Out went his computer, and his iPhone.
“Those are gone. I mean history,” he allegedly told a friend and co-conspirator.
But he was still worried.
“If they start looking at me and look at my bank records and all that other stuff . . . it could get ugly,” he said.
Sure enough. On Wednesday, the government dispatched any notion that law firms are always bastions of probity and discretion, charging that since the mid-1990s Kluger had tapped into his firms’ computer networks to extract and trade on confidential information about deals involving such blue-chip companies as Oracle, Intel and Hewlett-Packard.
Along with financial crimes spanning 17 years, he and a New York trader named Garrett D. Bauer are accused of engaging in a panicked cover-up that they discussed at length in telephone conversations with a third, unnamed conspirator, the alleged middleman.
In a March 17 phone call, according to a transcript of a recording, Kluger implored the middleman to get rid of a mobile phone that linked the two of them.
“I really would like to see this phone go bye-bye ASAP,” he said. “Do you want this to be our undoing?”
Worried that his fingerprints were on $175,000 in cash, Bauer allegedly urged the middleman to burn the money.
The middleman suggested that they launder the money instead — in a washing machine.
Kluger, 50, of Oakton, Va., and Bauer, 43, a New Yorker, were arrested Wednesday.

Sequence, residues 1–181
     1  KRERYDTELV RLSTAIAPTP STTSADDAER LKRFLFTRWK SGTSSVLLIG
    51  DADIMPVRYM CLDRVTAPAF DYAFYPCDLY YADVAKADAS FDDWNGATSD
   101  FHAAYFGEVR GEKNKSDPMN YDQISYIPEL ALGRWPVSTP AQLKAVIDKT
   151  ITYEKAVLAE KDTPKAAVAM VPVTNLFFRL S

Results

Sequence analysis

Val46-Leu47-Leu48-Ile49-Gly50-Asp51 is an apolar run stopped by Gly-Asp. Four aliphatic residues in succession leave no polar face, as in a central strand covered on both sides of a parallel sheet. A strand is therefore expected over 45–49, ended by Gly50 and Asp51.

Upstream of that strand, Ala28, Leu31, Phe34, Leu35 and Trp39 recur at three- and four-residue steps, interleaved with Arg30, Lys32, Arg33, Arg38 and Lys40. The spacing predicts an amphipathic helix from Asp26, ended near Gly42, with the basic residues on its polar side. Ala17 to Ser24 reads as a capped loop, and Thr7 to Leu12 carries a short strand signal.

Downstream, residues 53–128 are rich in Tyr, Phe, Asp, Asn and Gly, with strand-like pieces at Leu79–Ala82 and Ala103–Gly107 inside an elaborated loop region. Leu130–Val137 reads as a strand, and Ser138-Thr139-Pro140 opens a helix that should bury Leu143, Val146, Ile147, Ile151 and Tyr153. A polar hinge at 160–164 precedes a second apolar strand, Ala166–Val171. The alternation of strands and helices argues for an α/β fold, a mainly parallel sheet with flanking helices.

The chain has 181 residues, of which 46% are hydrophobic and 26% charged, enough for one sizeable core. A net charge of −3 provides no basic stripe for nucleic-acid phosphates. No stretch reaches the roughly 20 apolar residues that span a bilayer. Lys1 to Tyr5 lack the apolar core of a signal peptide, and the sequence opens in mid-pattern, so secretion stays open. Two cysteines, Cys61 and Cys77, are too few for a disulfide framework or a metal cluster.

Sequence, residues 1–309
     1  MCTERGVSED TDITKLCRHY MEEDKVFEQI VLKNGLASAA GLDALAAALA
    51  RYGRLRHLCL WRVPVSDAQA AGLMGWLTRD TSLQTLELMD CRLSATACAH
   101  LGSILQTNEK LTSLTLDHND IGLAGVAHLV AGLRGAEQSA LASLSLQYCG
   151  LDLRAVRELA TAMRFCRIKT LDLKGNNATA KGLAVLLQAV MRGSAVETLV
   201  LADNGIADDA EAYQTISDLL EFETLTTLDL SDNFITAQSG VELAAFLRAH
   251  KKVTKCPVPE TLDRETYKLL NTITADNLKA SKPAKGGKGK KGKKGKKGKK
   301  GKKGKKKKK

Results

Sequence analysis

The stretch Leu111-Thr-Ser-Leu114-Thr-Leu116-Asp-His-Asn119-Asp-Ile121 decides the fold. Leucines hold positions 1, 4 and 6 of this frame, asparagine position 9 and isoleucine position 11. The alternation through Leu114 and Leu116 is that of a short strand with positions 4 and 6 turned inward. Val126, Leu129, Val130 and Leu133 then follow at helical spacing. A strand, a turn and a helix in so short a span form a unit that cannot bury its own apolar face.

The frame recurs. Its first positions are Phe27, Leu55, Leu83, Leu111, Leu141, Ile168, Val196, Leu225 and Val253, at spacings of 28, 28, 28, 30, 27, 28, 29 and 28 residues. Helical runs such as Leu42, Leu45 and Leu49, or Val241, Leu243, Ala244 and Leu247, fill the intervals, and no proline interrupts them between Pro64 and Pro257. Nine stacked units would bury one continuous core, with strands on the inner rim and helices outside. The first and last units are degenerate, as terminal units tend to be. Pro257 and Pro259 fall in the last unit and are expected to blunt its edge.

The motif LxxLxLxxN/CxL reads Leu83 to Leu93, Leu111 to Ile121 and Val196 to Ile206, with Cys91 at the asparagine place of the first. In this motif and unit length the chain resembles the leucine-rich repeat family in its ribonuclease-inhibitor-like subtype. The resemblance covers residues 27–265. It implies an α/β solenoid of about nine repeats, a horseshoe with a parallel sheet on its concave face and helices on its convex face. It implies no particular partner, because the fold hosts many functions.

Kluger appeared in federal court in Alexandria and was being detained until a bail hearing Friday, said Rebekah Carmichael, a Justice Department spokeswoman. Bauer was being held in Newark.
An attorney for Bauer said it was too early to say how Bauer would respond to the charges. William J. Davis of Scheichet & Davis described him as “quite a pleasant fellow, very nice, quite gentle,” adding that Bauer “is in a bit of a difficult situation right now.”
Government officials were unable to identify an attorney for Kluger, and no one returned a message left at his home.
The two face criminal prosecution by the U.S. attorney for New Jersey and civil charges from the Securities and Exchange Commission.
A spokeswoman for Wilson Sonsini Goodrich & Rosati, the law firm where Kluger was until recently employed as a $290,000-a-year senior associate, said the firm was shocked to learn of the charges. The firm is giving its full support to the investigation, spokeswoman Courtney Dorman said in a statement.
The charges were the latest in a federal crackdown on insider trading that has nabbed hedge fund traders, management consultants, a former board member at Wall Street powerhouse Goldman Sachs and, recently, a Food and Drug Administration chemist accused of trading on advance knowledge of drug approvals.
Before embarking on a legal career, Kluger spent seven years in “automobile retail,” ultimately managing a Toyota dealership in California, according to a Wilson Sonsini bio.
He later gained a place in — and is accused of pilfering secrets from — the high priesthood of corporate law firms, including the New York-based firms Cravath Swaine & Moore and Skadden, Arps, Slate, Meagher & Flom.